We can have a political discussion about Amazon.com at another time. Right now, I feel grateful to the mega-company because, unlike most major publishers, Amazon has found value in providing access for readers to the work of past mystery authors. When I walk into a bookstore – and these days, that is getting harder and harder to do (no, I won’t grumble about online sellers now! I’m making another point entirely) – and turn to the mystery section, what classic mysteries grace the shelves? There’s Agatha Christie, of course; the larger stores remain well-stocked with her books. There might be a couple of titles by Sayers or Stout, as well as some of the better-known hard-boiled authors: Chandler, Hammett, Ross McDonald. But of Allingham, Marsh, Carr and Queen there is not a whiff. Gone are the days when these authors are regularly re-issued. I think the last major release of Queen titles was in the 1970’s with those wonderfully awful sexy girls on the cover; even then, perhaps, the publisher didn’t have enough faith that the Queen name alone would sell those books.
I haven’t seen a John Dickson Carr novel in a first-hand bookstore in twenty years! Fortunately, one of the public libraries in my county has preserved hundreds of mystery novels from the 1920’s through 1940’s on their shelves – even the humdrums, like Henry Wade and the Coles – for which I’m most grateful.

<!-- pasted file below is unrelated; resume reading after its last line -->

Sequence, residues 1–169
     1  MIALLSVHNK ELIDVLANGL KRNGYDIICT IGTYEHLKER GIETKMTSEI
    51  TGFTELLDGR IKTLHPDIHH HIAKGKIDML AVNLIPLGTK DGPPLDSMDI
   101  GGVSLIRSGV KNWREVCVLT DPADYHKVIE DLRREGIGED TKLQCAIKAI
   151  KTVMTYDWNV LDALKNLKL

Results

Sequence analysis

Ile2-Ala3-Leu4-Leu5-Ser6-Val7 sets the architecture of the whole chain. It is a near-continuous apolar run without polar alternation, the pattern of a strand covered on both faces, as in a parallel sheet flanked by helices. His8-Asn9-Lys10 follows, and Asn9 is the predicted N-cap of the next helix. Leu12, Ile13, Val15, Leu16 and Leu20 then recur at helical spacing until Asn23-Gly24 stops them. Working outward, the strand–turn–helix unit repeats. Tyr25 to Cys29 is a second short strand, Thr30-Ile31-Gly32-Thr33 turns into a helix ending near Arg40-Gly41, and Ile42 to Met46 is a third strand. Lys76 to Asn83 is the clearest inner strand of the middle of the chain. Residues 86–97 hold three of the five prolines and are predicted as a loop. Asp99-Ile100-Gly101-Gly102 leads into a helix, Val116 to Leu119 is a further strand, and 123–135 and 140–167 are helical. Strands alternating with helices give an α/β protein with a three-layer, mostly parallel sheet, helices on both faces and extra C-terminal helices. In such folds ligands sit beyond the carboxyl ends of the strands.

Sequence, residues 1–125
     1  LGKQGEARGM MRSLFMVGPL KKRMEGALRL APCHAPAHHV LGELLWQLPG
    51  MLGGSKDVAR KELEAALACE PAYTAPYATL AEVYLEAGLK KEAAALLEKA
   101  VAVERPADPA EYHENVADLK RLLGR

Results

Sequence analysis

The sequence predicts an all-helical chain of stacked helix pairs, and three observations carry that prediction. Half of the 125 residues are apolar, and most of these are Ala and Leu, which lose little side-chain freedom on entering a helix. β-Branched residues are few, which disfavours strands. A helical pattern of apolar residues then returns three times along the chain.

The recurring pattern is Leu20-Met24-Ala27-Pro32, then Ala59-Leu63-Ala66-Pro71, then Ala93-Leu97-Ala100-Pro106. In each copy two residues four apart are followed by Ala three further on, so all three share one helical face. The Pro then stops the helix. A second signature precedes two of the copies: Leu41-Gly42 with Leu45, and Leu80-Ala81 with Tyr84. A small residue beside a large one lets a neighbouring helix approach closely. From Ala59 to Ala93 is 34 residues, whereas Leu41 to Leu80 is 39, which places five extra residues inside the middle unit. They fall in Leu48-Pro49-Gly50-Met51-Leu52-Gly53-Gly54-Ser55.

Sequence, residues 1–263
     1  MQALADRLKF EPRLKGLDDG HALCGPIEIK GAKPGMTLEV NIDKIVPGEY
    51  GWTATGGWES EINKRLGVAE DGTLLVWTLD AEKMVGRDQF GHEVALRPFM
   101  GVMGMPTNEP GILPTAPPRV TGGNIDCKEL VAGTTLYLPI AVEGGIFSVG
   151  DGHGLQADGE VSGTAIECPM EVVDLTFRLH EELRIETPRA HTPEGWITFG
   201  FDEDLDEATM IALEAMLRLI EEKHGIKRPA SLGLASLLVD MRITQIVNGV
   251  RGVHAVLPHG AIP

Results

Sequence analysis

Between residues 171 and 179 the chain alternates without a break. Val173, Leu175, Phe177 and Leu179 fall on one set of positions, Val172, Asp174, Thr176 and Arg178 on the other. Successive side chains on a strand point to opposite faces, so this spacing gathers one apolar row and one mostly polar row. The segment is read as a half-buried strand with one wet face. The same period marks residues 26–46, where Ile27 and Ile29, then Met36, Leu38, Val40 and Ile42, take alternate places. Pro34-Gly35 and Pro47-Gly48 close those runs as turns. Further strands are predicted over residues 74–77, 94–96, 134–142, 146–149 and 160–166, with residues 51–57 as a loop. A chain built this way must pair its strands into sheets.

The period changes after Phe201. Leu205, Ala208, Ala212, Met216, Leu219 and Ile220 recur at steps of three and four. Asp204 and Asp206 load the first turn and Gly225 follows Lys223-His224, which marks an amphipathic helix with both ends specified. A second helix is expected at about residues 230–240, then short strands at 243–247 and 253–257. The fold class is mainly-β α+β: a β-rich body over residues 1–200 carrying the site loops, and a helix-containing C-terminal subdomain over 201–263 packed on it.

Perhaps Amazon looked at its statistical data and foresaw is a hungry market for classic mysteries. Perhaps they’ve taken note of the efforts of people like Curtis Evans and Martin Edwards, writers who have promoted the study and release of long forgotten authors like Ianthe Jerrold, Freeman Wills Croft, and Annie Haynes. More and more titles are popping up in actual book form to delight Golden Age mystery fans, and Amazon is contributing to this potential renaissance by releasing a whole slew of authors on their Kindle format at very reasonable prices!
Which is how I came to discover Helen McCloy. A fellow mystery lover over at the Golden Age of Detection group on Facebook sounded the call about a month ago: all of McCloy’s titles were on sale for $2.99 on Kindle. I popped over to Amazon and purchased five titles because I had heard good things about McCloy from members of the group.
After reading two of the titles, all I can say is: how right they were!